At the centre of the classical interior of the first floor of the Robilant + Voena gallery, Roberto Matta’s strong visual language imposes its heavenly colours and shapes.
The works, spanning from the 1940s to 1980s, created during the peak of surrealism, still grip the eyes and baffle the soul. Chilean artist Matta started off as a surrealist painter influenced by Salvador Dali and Andre Breton, and drifted to use the concept of automatic painting. The paintings displayed in the gallery are early works from the Psychological Morphologies series, in which Matta explored the existence of an alternative reality expressed with its own geometrical spatial codes.
The canvases are filled with shadows and clouds of grey immersed into rays of vibrant colours, such as yellows, blues, fuchsias, purples and greens. The elements trapped in disarray in the images snapshot by the painter seem to be in incessant motion, at times orbital like in “Inscape”, at other times forming a wave, like in “Mourir pour le pain”. The technique Matta used consisted of placing small quantities of bright colours next to each other along the blade of a palette knife and creating automatic gestures, leaving juxtaposed and mixed colours on the canvas. If there are no clear signs as to what is depicted, the gestural process and the traces on the canvases act as the transmission of the agitation ruling the artist’s inner life.
As time went by, so did the hues and halos added onto the already blurred representations of Matta’s subconscious mind. He saw the world as non-linear and applied non-Euclidean geometry to an art he envisioned to be ephemeral. The renderings unveil complexity, playing with abstraction and figuration at once. The horrors of the war appear as menacing industrial machines, confronting themselves and exploding in the same frame. Committed to the same colour palette, Matta depicted darkened shapes enhanced with bright tones celebrating the presence of survival hope in the war inspired landscapes. The artist’s later works from the 1960s involve Latin American political matters. “A Cena con Agatone” demonstrates the advancement in the representation of his content. Amorphic creatures in different positions henceforth occupy the canvas, and replace the geometrical contours and shapeless colourings.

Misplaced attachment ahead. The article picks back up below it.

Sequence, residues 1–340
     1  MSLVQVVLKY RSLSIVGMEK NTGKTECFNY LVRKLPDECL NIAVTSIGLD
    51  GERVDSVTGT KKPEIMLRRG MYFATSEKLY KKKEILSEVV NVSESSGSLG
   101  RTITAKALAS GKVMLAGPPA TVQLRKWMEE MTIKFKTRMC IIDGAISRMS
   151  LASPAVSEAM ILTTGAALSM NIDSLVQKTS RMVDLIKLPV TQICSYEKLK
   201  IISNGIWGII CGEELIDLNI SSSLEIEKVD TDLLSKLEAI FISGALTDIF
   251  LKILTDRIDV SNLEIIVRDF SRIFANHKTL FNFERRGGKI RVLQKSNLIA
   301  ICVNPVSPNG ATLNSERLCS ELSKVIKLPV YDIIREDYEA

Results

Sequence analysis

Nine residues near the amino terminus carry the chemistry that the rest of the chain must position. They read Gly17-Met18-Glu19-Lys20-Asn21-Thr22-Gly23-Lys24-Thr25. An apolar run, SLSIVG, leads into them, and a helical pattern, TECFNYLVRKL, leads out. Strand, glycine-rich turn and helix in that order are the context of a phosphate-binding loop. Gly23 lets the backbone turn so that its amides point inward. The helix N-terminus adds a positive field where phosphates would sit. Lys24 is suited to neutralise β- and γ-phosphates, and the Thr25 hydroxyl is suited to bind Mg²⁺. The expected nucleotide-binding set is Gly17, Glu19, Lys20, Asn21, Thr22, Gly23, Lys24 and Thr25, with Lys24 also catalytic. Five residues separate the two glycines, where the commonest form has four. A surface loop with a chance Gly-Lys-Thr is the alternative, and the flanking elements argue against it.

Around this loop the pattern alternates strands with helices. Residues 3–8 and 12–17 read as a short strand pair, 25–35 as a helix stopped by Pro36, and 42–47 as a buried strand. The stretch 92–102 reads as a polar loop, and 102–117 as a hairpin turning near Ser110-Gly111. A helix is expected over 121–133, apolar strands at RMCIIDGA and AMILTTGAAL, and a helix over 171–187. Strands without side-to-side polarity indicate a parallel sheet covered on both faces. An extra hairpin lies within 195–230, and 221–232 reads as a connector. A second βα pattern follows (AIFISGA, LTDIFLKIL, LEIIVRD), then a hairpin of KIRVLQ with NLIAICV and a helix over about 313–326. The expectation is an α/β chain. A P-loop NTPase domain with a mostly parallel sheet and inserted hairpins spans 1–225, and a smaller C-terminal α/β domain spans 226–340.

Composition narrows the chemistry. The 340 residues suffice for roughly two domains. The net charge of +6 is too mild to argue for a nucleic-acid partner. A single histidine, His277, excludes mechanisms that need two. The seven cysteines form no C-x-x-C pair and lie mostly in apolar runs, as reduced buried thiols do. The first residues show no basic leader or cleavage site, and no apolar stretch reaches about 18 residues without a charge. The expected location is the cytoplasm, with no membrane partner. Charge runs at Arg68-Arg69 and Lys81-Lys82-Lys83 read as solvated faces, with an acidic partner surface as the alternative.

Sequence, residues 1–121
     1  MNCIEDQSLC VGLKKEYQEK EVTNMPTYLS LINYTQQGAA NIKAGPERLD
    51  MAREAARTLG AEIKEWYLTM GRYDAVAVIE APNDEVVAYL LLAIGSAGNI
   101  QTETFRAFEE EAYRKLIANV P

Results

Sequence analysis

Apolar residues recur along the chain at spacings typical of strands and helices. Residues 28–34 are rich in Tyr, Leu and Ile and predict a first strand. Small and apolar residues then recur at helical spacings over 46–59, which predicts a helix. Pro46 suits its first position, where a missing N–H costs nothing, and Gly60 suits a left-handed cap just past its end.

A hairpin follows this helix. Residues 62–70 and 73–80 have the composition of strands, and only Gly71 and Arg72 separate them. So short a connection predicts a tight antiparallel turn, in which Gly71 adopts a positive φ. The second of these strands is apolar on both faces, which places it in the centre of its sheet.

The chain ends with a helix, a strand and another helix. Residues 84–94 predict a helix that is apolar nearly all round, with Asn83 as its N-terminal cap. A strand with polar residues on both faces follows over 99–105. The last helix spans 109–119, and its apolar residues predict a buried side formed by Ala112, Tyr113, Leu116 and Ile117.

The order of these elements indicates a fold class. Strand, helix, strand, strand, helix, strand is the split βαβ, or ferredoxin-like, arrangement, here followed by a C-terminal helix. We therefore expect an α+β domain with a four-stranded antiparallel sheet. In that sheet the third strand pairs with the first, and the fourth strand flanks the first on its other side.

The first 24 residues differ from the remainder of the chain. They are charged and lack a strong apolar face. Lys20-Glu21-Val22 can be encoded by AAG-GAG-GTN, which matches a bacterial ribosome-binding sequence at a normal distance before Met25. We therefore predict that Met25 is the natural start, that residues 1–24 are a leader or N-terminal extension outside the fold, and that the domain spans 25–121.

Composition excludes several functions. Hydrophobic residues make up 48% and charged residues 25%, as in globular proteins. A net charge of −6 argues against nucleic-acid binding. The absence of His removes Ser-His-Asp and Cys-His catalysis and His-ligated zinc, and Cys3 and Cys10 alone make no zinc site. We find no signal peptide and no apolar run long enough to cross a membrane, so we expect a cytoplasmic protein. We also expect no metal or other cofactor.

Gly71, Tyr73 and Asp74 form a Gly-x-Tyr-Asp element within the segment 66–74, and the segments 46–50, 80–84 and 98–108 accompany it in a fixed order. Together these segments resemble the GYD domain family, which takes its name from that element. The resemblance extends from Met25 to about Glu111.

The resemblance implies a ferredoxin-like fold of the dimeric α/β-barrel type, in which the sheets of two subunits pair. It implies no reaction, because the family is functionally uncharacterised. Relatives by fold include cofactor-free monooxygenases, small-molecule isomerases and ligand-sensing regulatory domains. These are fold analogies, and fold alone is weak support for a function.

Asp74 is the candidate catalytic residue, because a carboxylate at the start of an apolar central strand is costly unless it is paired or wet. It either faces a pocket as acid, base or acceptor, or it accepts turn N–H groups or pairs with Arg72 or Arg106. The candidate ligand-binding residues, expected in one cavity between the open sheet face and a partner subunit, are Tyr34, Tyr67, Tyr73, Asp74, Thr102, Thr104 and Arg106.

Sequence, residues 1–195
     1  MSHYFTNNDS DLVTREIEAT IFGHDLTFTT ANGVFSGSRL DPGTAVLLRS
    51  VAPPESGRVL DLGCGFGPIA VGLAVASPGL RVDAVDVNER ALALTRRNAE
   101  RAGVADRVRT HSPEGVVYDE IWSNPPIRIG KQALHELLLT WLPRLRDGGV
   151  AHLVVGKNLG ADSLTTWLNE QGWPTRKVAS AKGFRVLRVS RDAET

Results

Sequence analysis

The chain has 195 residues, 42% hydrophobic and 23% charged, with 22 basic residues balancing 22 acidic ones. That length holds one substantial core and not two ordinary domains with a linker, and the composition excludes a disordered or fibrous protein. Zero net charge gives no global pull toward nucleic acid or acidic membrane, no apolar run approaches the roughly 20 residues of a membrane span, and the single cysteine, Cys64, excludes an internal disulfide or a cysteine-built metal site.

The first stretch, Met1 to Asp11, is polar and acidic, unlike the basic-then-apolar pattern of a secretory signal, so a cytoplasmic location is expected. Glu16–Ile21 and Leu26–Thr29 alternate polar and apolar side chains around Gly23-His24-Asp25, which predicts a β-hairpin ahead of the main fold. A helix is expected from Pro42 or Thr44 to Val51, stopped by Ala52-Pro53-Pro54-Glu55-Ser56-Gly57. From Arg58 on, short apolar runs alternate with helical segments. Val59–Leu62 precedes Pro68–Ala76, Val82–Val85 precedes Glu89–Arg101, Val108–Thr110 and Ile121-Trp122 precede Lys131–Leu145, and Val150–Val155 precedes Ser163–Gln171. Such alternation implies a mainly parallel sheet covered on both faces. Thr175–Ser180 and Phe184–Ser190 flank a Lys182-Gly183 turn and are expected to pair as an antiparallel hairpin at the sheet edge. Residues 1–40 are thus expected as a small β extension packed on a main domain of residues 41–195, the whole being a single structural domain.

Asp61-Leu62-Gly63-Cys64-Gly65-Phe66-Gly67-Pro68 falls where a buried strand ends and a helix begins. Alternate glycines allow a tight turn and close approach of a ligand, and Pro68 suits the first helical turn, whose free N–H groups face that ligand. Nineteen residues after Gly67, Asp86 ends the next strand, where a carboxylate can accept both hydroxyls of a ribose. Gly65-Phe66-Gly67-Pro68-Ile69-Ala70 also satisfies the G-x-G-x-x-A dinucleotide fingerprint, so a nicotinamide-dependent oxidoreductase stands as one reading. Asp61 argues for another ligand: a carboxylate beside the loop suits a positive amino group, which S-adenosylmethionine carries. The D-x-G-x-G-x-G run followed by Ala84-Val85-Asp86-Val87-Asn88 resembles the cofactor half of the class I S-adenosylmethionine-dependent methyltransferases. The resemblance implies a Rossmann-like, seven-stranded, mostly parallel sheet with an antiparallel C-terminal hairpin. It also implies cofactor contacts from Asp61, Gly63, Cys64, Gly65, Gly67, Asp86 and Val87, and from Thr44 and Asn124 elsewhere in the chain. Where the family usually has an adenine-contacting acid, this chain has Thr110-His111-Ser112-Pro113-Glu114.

The paintings resonate loud in the gallery. From a distance, bright colours stand out from the clouds, urging to speak in distress, before the darkness takes over and turns everything into ashes. Upon laying my eyes on the twirls of paint, depicting a world which seem to be constantly changing and evolving, it doesn’t take long to familiarize myself with the “writing” and decrypt the many feelings inscribed into the bursts of brushstrokes. It’s a complex art translating intense beauty and meaning, the beauty of a world seen from another perspective, the one of innocent intuition and real interpretation.